3dk.berlin has developed a “garden compostable” 3D printer filament.
The ten-year old company was a spinoff from a large plastics manufacturer, carrying forward considerable knowledge of polymers. Since inception, the company has produced a huge array of filament products for our industry, including over 100 different PLA color variations. They also offer a variety of specialty filaments with properties including conductivity, thermal resistance, bio filament, dental filaments, and even one that’s transmissive to infrared light.
But today we’re going to talk about their latest innovation, the “3dkompostable” filament.
Let’s first review the current state of sustainability regarding the filament typically used for desktop 3D printing: PLA. This material is popular because it warps far less than other materials and can be printed at reasonable temperatures. It also can be made from non-fossil bio sources, making it partially sustainable.
While PLA has excellent print properties and is sourced organically, its ability to be disposed of has much to be desired.
It is possible to recycle PLA, but this is not commonly done because the color is often important and that’s corrupted when mixing random PLA scraps for recycling. Mainly due to shipping effects, PLA recycling generally is not available anyway, and the landed cost of new PLA filament is sometimes less than recycled equivalents.
Even though PLA is sourced from organic ingredients, it is not naturally decomposable. It can be broken down in expensive high temperature / pressure furnaces, but those are simply not economic to set up for the relatively small amount of PLA in the industry.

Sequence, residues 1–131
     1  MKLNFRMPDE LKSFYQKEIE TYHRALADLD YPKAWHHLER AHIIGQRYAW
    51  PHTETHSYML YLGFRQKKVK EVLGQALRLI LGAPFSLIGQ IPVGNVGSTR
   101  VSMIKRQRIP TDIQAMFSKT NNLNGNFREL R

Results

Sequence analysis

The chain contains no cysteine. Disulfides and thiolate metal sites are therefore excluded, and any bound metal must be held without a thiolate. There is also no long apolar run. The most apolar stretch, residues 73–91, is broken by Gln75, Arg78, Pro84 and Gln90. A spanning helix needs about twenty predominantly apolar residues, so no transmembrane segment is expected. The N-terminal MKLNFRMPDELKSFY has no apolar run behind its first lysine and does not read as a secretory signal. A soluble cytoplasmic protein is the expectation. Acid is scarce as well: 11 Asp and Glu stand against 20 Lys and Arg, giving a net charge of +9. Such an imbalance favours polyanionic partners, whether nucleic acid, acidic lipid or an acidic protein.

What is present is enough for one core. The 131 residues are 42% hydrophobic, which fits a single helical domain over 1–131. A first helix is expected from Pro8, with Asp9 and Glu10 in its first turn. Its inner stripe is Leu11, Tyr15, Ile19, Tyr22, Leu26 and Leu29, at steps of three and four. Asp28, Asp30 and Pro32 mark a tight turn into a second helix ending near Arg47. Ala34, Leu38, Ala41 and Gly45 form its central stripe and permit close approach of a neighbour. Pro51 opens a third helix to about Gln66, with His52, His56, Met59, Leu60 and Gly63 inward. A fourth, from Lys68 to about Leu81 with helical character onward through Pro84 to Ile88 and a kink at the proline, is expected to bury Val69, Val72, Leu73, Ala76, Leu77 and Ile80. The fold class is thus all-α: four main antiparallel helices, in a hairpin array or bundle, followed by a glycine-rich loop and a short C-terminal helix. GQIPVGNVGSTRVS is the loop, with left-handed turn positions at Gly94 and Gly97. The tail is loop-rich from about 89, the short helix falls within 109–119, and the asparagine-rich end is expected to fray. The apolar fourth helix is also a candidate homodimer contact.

One experimenter buried PLA prints in a garden to see if they would decompose over the course of a year, and the experiment showed no degradation. PLA is basically eternal.
As a result desktop 3D printer operators tend to accumulate piles of PLA scraps and prints that, with no other feasible and accessible alternative, end up in the local landfill. There they slowly break down into microplastics that pollute and poison our environment.
There has been no easy way around this issue, but last week I saw something that just might solve the problem. 3dk.berlin’s new “garden” compostable filament could be what we’re all looking for.
The new filament is a PHA variant, a material that has previously been used by some 3D printer operators. According to company representatives, the material will indeed gradually decompose if buried in a landfill, garden or compost box. That’s precisely what many 3D printer operators would want in a sustainable filament.
However, switching the industry from deep-rooted PLA to PHA might be quite challenging. The constant stream of newcomers have typically heard of only PLA, and that’s what they’ll use.
My hope is that products such as this new filament from 3dk.berlin will eventually catch on with the majority and become a standard material for desktop FFF 3D printing.